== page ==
Edna Buchanan offers great insight into the special relationship between two close, unrelated human beings: “Friends are the family we choose for ourselves.” In general, society applies many stereotypes related to family and familial bond: always listen to your parents, put family first, blood is thicker than water, ad infinitum. However, many of these stereotypes take for granted that all human beings have good parents, and good families.
Yet, when you consider the fact that there are millions of criminals in the world, and far more individuals who are simply negative and unproductive without committing crimes—it should come as no surprise that not all family members are good, and not all families are healthy to be a part of period. Really, what people need is other people in their lives who they know they can count on and rely on. Relationships themselves are what matter the most—not the physical characteristics of the people you have them with.
Many people feel as though it is their duty as a human being to act like a happy family member, and to act like they are part of an ideal family and life. However, living through tense interactions and relationships just for the sake of being—or appearing to be—a “family,” is never worth keeping dreams like these alive for (or lies like these alive for). It’s also important to note that many times people do not realize the full negative impact that pretending to be happy with family can have; sometimes experiencing truly happy feelings and emotions isn’t possible until you are removed from negative circumstances for an extended period of time.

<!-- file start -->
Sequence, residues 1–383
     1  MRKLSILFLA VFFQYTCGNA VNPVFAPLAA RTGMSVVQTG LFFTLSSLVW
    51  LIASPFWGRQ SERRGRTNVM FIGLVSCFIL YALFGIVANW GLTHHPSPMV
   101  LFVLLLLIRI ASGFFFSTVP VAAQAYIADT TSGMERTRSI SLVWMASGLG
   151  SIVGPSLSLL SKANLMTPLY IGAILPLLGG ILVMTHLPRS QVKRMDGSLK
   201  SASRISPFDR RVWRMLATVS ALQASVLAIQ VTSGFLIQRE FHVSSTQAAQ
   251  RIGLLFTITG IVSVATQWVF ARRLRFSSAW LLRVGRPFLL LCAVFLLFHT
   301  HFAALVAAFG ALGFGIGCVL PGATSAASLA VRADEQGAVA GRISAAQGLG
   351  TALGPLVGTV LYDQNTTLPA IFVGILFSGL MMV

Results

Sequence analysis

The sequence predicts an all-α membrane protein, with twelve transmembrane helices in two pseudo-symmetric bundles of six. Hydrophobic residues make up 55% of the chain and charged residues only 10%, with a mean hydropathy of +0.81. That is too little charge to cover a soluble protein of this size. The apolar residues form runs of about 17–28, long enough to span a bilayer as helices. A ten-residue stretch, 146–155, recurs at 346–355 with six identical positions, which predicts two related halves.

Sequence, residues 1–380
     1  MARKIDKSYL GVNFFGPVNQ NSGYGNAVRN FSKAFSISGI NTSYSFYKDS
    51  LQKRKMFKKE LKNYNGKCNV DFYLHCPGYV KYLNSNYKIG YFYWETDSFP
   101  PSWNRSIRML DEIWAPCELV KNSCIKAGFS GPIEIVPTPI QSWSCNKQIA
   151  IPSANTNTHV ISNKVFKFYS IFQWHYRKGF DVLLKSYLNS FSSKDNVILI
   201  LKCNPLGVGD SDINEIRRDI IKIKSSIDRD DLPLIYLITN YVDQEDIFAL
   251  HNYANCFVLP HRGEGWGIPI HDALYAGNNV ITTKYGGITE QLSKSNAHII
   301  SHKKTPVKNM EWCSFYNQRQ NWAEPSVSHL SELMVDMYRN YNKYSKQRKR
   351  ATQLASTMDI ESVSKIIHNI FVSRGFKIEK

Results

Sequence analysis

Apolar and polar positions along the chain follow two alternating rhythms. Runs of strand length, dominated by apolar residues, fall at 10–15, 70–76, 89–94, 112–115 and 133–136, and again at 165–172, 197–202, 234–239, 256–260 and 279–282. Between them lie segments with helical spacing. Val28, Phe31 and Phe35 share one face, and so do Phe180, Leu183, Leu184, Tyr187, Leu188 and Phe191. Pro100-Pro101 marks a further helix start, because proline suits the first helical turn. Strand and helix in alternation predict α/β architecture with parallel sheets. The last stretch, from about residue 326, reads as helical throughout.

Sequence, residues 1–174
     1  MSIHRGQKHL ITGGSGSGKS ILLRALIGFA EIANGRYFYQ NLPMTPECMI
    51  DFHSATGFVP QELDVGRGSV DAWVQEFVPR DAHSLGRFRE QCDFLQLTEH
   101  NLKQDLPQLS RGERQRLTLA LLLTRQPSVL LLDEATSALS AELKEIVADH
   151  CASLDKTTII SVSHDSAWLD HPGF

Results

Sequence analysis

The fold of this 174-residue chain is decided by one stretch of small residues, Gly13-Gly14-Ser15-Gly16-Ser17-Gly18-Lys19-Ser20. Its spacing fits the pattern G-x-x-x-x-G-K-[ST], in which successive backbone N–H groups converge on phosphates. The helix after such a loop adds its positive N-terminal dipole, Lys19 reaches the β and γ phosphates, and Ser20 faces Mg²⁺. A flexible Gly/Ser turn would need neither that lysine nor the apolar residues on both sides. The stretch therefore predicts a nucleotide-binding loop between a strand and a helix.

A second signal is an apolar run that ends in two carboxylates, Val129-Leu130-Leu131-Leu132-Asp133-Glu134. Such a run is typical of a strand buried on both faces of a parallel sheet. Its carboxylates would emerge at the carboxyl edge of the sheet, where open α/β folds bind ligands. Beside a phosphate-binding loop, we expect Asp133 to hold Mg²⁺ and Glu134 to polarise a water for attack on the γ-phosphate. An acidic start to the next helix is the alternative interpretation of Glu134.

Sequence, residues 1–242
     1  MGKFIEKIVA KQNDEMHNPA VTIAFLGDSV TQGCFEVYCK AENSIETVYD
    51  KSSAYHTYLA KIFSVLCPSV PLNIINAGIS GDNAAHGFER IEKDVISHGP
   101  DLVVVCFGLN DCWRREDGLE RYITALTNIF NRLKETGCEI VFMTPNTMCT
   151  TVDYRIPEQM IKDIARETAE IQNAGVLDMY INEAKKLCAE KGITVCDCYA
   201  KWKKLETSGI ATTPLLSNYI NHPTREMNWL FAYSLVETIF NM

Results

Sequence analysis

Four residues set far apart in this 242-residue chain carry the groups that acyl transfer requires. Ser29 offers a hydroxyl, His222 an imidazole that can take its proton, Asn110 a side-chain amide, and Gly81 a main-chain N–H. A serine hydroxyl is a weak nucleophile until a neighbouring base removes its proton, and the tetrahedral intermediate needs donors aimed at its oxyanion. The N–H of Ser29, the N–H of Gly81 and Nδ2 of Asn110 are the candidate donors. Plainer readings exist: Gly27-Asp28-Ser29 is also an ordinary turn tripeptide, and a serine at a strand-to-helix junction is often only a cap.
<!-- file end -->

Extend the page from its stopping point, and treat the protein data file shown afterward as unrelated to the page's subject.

This isn’t to suggest that everyone should immediately start breaking with family and family members and start filling these vacancies with new friends; rather, it is to suggest that there’s no need to continue trying to make a negative situation positive for years or decades—or to continue to pretend that a negative situation is positive for years or decades. It’s usually difficult to give up on the idea of living a perfect life with a perfect family (with a golden retriever and a white-picket fence), but it’s helpful to think of it as beginning to hope for a perfect life in which you’re happy and at peace regardless of how many stereotypes you have or haven’t lived up to.
Again, it goes without saying that all of this will usually be much more difficult than it probably seems to be on paper. Yet, the most worthwhile things in life are never easy, and sometimes the only way to find genuine happiness and peace is to move on and move forward regardless of the situation or people you leave behind. But the bottom line is that all honorable human beings deserve to be surrounded by people who truly care for them, and who truly enhance their enjoyment of life. Never feel guilty for living the life you deserve.
Image: Woman in field image, Shutterstock
*This content was inspired by an amazing article that can be found here.